What is bullying?
Bullying can be defined as repeated and unwanted behaviour with intent to hurt another person, physically or emotionally. It can take many forms, including verbal threats, physical assault, calling names, gossiping and cyberbullying.
The legal definition of bullying which specifically relates to someone’s age, sex, disability, gender identity, race, religion or belief, pregnancy and maternity or marriage, is harassment. This is against the law - find information on how to report this bullying and protect yourself from further harassment.
Counselling for bullying
Whether you are currently being bullied, have been bullied in the past or are affected by it in another way, many people find counselling helpful. A therapist can help you explore what is happening and your options and responses, in private and without judgement.
Bullying may have affected you at an earlier time in your life, but it may have been a factor in developing other issues such as anxiety, depression or low self-esteem.
Types of bullying
Verbal bullying - This includes calling someone unpleasant names, verbally attacking their appearance or threatening them with physical violence.
Physical bullying - Physically hurting someone by purposely hitting, kicking, punching, scratching to cause pain.
Indirect bullying - Ignoring someone, leaving them out of plans, gossiping or spreading rumours behind their backs or visually attacking them e.g. threatening looks.
Cyberbullying - Including sexting (unwanted texts of a sexual nature), hacking social media accounts, instant messages, text messages, emails and posts that belittle, hurt or abuse you. Social networking can bring people together, but it can enable bullies to target their victims' homes or places of work.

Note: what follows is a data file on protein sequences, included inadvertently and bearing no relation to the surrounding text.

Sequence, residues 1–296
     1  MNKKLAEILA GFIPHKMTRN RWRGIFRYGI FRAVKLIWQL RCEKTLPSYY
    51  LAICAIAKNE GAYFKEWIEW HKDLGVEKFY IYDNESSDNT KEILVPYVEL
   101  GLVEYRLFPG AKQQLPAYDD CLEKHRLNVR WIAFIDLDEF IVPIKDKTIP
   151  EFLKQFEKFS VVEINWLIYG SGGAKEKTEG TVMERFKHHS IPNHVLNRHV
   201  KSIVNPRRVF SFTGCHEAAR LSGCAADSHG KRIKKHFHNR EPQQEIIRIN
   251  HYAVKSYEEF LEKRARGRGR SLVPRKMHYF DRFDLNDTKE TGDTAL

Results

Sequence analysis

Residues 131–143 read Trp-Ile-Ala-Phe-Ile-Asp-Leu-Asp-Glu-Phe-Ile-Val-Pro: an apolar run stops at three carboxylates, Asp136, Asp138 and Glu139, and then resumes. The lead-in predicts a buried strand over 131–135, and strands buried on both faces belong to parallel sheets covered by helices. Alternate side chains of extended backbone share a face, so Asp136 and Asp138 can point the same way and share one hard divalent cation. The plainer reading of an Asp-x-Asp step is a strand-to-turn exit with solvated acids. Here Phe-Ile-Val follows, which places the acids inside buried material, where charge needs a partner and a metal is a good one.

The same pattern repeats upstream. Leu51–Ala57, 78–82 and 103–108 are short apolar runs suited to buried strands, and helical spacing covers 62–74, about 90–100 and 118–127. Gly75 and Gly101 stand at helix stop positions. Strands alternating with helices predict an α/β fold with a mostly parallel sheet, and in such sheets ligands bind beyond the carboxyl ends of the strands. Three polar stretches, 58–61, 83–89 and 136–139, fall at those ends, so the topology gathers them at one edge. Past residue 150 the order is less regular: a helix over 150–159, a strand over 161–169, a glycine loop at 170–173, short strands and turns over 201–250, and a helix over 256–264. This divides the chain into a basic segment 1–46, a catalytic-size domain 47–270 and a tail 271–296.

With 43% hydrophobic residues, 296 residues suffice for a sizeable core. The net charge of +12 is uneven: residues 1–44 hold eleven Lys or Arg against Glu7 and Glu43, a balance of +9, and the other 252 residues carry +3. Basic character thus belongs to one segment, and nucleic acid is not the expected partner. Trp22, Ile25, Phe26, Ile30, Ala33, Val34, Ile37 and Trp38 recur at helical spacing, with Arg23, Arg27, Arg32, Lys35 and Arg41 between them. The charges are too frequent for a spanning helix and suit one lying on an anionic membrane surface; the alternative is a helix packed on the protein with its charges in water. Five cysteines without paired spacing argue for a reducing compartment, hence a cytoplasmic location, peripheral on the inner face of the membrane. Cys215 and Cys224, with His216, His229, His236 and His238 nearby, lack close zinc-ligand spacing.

While this type of bullying is more often used by those of a school age, bullying online isn’t something that affects only young people and children. For adults, it can exist in the workplace and on personal and professional social media accounts (otherwise known as trolling).
"Experiencing sustained bullying has a serious effect on the mental well-being of its victims. Individuals can become depressed, withdrawn, angry, anxious, or experience insomnia; it can even lead to suicidal thoughts. The first step on the road to recovery is not to suffer in silence, as anonymity is a bully’s greatest defence.
Recovering from the emotional damage bullying causes can take time. Victims may carry a sense of shame, anger or anxiety. Counselling and talking therapies can offer a safe, non-judgemental environment to talk through feelings, process what has happened and start to heal the psychological scars left behind."